Like love, a border is real only if both sides believe in it. And on both sides of the Sino-Russian border, that belief is wavering. By Frank Jacobs.

Via Nancy Watson
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Would Turkey accept a Kurdish state?

Would Turkey accept a Kurdish state? | AP HUMAN GEOGRAPHY DIGITAL  STUDY: MIKE BUSARELLO | Scoop.it
As the likelihood of an independent Kurdish state on Turkey’s eastern border grows, Ankara is losing its historical resistance to the idea.

 

Developments in Iraq have left Turkey facing the prospect of an independent Kurdish state on its eastern border. Such an idea would have been abhorrent for Turkey a mere decade ago for fear that its existence would incite separation among its own restive Kurds. The standard Turkish narrative at the time was that an independent Kurdistan was a Western project aimed at destroying Turkey, an age-old ambition. Even the 2003 US invasion of Iraq was viewed in this context by many. The picture is no longer so black and white.

  

Tags: Iraq, Turkey, MiddleEast, conflict, political, borders, devolution.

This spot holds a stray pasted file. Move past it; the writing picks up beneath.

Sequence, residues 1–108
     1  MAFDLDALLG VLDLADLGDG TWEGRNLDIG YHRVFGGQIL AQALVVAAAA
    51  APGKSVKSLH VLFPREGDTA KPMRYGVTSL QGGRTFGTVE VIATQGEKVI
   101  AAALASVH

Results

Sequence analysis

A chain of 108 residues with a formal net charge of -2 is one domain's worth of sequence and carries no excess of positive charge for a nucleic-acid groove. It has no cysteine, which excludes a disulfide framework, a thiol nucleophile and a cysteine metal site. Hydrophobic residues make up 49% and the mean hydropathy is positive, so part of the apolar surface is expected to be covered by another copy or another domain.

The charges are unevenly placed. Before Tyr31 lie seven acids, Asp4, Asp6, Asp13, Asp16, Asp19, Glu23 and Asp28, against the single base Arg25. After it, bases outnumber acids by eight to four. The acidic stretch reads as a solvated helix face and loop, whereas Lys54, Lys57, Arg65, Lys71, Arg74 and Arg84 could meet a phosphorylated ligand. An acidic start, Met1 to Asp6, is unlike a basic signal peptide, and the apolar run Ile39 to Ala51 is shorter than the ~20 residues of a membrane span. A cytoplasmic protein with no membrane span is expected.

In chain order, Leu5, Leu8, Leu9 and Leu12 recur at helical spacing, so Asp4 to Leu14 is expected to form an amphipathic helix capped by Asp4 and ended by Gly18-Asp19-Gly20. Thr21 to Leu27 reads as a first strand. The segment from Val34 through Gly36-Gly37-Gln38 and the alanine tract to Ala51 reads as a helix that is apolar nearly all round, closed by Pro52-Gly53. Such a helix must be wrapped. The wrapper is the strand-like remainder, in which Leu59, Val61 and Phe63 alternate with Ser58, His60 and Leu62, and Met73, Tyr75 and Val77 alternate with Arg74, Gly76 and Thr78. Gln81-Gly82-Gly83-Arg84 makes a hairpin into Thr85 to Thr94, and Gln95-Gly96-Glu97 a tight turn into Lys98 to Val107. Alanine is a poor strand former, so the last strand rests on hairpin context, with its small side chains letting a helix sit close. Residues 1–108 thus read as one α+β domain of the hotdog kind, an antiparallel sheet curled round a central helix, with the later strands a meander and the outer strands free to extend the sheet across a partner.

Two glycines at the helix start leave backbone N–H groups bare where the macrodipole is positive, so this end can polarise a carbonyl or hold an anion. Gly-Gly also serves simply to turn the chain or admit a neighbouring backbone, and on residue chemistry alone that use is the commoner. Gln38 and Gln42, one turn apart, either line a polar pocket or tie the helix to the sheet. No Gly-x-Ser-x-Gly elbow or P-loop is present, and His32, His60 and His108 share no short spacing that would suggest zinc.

Via Seth Dixon
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Malaysia's 'Allah' controversy

Malaysia's 'Allah' controversy | AP HUMAN GEOGRAPHY DIGITAL  STUDY: MIKE BUSARELLO | Scoop.it
Is limiting the use of the Arabic word for God a sign of growing intolerance towards minorities?

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Seth Dixon's curator insight, June 23, 3:31 PM

In Arabic, the word Allah means God.  Christian Arabs refer to God as Allah and Arabic versions of the Bible reference Allah.  As Arabic and Islam have diffused in interwoven patterns, the linguistic root and the theological meanings have became intertwined to some.  BBC World and Al-Jazeera have reported on this issue as the Malaysian government has attempted to ban the use of the word Allah to any non-Muslim religious group.  Language and religion just got very political.  


Tags: languagereligion, political, Malaysia, SouthEastAsia, culture, Islam.

Caterin Victor's curator insight, June 25, 4:25 PM

 Yes !!  The religion of love and peace, is not a religion, and sure that  not a pacific love,  just a bunch of hatred and criminals wich endanger  the  world, in the name  of a pedophile crazy, Muhamad, and  and  inexisting  allah, a  Devil, not a  God !!  The  Obama`s   "Holly  Curan ", a  dirty   instruction book  for killing !! 

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African borders